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Lars's story

Lars migrated from the Netherlands with his family in the 1950s, and they settled in the Australian Capital Territory, where they were befriended by a local Catholic priest.

‘Back in those days, obviously the clergy had a lot of influence, and a lot of respect’, so when Father Dylan began sexually abusing Lars and several of his siblings, they felt that they couldn’t tell their parents. Lars came to the Royal Commission with his brother, Willem, who was also abused by the priest.

Lars said, ‘If you can imagine a skinny little boy, big baggy shorts … to call me over and plonk me on his lap … and here I am right at the table, and his hand going … into the shorts … just fondling me, while he’s talking to my mother. It’s amazing, you know, that people can go to that length. But then again … given the position of responsibility that he had, of course, people wouldn’t suspect’.

When Dylan was abusing Lars right in front of his mother, ‘I was just aware of it. Just aware of what was happening and I just thought to myself, without knowing anything, “I’ve just got to get away from this man”. I just threw myself over, and just walked off’.

Lars said, ‘I can remember one thing, and that was begging my mother not to send me to a Catholic school because I knew where I would have ended up … where Dylan was. I am so grateful that she listened to me, and I ended up going to state schools’.

Dylan often took the boys to the airport. Willem said, ‘That was his favourite place. That was his way of gathering us and encouraging us, to entice us to go and watch the planes coming’. Dylan would take the boys into the airport toilets and abuse them.

Willem believes that Dylan even drugged him on one occasion. He remembers being in a car with him and another priest, and Dylan giving him a lollipop.

‘It was obviously laced with something because when I bit into it, it tasted nothing like a lolly … Five years old … I trusted him and then, yeah, I just passed out.’

Willem remembers the other priest asking, ‘Is he all right?’ and ‘that was the last thing I can remember either of them saying’. When he woke up, the other priest wasn’t there.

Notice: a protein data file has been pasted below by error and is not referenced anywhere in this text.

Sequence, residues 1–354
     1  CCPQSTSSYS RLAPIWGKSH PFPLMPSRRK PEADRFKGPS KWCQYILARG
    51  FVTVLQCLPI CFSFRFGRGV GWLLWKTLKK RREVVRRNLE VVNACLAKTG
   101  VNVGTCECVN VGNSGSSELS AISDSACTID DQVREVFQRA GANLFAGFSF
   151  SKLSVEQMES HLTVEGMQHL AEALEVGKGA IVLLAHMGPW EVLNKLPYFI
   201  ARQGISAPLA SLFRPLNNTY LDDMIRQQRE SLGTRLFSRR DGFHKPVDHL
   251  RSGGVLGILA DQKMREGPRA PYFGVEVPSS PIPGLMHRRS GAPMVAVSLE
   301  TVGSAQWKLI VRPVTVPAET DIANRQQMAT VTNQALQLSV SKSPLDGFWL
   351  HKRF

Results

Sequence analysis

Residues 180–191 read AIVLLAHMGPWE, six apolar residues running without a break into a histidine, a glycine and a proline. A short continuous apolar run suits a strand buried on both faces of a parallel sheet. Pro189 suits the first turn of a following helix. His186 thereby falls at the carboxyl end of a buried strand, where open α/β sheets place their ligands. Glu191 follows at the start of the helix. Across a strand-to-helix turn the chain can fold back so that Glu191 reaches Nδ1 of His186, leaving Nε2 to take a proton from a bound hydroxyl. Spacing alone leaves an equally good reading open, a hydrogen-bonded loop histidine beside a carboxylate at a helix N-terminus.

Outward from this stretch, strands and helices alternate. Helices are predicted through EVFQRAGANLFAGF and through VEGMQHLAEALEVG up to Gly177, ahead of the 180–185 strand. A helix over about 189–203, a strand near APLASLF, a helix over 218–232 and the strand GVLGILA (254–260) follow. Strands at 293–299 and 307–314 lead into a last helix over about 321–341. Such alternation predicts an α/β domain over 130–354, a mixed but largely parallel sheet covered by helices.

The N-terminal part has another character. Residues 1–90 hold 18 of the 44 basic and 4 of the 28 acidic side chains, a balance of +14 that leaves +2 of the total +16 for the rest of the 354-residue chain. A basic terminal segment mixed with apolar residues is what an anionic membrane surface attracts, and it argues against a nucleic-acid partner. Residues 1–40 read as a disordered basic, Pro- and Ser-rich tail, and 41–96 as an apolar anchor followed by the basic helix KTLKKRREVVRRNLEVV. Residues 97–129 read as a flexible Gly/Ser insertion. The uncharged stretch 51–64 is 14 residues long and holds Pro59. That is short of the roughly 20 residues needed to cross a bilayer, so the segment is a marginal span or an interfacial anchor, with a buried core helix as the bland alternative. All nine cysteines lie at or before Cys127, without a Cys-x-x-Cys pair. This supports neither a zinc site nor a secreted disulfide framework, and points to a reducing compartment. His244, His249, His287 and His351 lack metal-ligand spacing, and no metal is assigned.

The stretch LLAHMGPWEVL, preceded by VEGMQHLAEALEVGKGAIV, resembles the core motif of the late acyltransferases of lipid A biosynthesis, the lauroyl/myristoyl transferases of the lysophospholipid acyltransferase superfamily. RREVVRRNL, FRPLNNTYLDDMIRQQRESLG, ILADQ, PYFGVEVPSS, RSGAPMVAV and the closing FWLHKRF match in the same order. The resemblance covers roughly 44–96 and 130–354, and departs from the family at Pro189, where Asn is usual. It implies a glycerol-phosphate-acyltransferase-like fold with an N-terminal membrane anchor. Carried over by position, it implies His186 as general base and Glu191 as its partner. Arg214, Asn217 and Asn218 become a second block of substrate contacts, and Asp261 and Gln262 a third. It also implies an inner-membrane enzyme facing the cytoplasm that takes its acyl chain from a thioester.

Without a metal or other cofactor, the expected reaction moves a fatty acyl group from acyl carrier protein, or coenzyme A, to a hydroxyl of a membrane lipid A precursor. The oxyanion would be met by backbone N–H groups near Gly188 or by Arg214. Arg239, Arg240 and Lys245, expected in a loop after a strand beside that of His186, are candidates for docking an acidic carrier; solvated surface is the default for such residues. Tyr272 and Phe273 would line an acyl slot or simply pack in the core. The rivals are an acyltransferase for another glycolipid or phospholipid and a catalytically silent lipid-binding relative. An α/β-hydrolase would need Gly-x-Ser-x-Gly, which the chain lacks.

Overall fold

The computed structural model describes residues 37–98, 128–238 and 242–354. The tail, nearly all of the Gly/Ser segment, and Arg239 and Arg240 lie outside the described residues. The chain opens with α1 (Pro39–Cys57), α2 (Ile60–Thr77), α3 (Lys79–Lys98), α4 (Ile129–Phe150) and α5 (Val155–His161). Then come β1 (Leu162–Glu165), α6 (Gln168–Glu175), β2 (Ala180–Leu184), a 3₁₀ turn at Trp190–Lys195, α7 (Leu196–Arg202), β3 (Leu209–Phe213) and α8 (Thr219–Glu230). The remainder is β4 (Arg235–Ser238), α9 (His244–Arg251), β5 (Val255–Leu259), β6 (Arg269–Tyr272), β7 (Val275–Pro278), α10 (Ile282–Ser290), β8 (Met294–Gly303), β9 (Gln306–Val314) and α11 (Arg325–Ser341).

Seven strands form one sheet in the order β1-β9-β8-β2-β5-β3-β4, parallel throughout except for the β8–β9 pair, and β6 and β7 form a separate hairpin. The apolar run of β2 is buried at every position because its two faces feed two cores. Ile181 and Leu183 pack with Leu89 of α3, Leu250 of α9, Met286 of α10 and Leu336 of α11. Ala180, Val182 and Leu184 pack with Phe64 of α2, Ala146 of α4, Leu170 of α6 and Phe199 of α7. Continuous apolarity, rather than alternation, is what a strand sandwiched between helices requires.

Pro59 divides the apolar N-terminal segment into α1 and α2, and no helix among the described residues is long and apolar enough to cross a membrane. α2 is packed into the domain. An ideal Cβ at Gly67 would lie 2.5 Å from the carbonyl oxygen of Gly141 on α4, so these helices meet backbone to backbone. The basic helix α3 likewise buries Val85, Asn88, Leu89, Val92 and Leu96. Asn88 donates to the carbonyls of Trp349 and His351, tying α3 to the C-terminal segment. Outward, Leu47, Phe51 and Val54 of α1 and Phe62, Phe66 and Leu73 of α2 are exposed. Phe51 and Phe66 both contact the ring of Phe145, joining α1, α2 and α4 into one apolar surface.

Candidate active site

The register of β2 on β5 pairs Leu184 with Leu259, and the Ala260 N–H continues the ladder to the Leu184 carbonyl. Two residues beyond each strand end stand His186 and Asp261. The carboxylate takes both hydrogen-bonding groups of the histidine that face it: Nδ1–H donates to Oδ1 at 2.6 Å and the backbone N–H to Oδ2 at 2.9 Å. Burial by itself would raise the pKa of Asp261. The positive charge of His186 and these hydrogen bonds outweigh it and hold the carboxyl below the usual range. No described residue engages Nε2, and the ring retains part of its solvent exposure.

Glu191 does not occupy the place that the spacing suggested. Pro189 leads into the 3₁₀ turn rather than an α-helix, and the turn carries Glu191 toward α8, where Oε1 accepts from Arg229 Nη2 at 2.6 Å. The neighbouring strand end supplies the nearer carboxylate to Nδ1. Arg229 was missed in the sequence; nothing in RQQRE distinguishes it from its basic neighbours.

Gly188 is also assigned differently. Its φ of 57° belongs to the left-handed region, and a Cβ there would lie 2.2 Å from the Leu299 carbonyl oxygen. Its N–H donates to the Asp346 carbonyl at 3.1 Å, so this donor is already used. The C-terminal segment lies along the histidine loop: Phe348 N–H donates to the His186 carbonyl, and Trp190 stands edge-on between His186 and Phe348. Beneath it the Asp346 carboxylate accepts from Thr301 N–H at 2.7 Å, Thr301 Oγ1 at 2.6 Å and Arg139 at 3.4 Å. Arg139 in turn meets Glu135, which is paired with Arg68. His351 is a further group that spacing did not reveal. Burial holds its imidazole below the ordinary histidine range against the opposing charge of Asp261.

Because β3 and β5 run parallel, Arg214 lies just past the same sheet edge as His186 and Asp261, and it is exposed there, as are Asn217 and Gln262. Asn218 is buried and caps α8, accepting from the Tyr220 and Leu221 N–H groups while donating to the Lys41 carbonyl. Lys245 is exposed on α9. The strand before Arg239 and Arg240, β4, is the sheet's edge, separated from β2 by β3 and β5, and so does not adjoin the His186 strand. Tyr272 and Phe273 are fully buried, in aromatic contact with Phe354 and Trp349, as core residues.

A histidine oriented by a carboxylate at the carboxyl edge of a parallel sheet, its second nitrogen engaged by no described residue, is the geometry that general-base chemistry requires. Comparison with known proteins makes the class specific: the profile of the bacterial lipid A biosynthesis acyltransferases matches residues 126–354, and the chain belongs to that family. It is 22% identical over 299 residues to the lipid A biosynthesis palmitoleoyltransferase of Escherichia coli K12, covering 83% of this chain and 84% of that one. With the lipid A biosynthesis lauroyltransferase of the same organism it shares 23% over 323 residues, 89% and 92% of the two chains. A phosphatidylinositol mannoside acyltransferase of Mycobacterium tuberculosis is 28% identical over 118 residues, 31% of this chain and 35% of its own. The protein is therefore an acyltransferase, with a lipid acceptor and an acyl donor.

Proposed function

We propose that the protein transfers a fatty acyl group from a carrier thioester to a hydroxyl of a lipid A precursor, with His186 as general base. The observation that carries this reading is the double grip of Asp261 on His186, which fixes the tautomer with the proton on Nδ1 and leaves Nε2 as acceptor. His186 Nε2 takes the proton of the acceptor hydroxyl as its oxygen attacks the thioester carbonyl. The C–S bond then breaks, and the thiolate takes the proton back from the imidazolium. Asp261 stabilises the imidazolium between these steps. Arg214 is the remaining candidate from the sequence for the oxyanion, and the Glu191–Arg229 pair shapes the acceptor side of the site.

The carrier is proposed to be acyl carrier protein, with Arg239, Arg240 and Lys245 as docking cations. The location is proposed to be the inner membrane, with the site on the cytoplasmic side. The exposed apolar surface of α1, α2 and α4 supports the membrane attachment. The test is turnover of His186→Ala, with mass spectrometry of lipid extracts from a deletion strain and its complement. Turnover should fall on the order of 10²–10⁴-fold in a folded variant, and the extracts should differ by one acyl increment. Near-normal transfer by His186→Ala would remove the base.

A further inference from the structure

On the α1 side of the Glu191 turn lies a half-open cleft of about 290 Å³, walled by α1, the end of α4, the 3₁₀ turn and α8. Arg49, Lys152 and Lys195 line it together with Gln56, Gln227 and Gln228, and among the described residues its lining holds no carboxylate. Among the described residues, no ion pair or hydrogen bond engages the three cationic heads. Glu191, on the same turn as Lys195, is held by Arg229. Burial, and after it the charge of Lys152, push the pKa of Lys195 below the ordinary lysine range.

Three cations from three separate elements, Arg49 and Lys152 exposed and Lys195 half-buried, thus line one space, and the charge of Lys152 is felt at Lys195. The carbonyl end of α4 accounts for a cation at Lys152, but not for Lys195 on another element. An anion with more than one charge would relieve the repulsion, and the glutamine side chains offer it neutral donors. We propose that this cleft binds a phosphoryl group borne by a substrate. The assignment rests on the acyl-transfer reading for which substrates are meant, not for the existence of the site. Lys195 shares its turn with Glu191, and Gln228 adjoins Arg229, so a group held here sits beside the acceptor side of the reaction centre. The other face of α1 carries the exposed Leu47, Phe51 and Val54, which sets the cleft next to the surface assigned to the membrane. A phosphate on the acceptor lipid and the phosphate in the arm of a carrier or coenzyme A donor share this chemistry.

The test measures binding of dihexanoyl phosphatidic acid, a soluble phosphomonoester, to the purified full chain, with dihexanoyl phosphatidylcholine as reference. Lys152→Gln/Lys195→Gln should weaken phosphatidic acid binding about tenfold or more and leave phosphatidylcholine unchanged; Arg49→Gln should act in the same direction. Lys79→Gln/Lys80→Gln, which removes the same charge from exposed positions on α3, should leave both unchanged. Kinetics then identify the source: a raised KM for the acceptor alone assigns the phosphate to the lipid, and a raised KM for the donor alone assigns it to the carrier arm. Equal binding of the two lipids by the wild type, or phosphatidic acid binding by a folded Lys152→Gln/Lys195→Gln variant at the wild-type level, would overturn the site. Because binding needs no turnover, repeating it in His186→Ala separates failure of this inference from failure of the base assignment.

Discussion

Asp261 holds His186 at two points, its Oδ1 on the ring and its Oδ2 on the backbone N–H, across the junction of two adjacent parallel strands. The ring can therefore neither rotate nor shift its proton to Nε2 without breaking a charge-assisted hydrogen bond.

Willem said that when Dylan dropped him home after this incident, ‘I knew there was something wrong because I could feel a mess inside my undies and I asked him, you know, “What did you do?”. Lars continued, ‘Dylan actually said to Willem, “Nobody will believe you if you tell them”, and he said “I’ll seriously hurt your mother if you say anything about this”’.

Willem went straight to the bathroom and threw his bloody, soiled underpants down the toilet and had a shower.

Lars remembers a neighbour, a feisty single mother from Eastern Europe, who once ‘had Dylan bailed up in the bathroom of her house, threatening to kill him with a tomahawk, so I was just wondering what the reason was behind this … assuming that he probably got at one of the kids’.

Lars said that the abuse he experienced has not had a huge impact on his life. ‘Emotionally, I just said to myself, “I’m young. I was innocent. The problem wasn’t mine, it was his”. And I’ve always had that thought. My experience with the man was short … If it had been going on for a year or more, that would have been traumatic. But I’ve dealt with it. Willem, it’s had more of an impact on.’

Willem said, ‘Being able to deal with it, it has been a struggle at times … I did grow up with some very serious emotional problems. I’ve become very reserved’. Because of Dylan’s threats, when Willem’s mother noticed that he was having problems and asked, ‘What’s going on inside your little head?’, he couldn’t tell her.

‘It was just sort of disappointing that I couldn’t get to speak to Mum or Dad about it … so they would have a clearer picture of, you know, the problems I was having growing up ... looking back … they may not have accepted it or believed that it actually happened. Because of, just the influence that, you know, the Church has.’

Lars said, ‘I think it was important to bring Willem along because there were similarities between what happened … but sadly Willem has suffered a lot more than I have. I’m one of these fortunate people that have dealt with it a long time ago … and the reason I went through with this was simply to add weight to what has happened for the people that are struggling.

‘As far as justice goes … people have suffered greatly, because of these organisations … Where does it end? You know there’s so many groups, institutions that now … have been exposed. It’s just becoming an epidemic. And how does it stop?’

Lars told the Commissioner that, ‘for those that haven’t been able to deal with it, now they feel as though they’re cared for, because … the Royal Commission has been arranged and now they can think to themselves, “Well, somebody cares about what has happened to me … They want to hear me”. So that’s a wonderful thing’.

Willem added, ‘And hopefully, those that … may have had experiences, even now … will be more inclined to come out and expose those that are subjecting them to it’.

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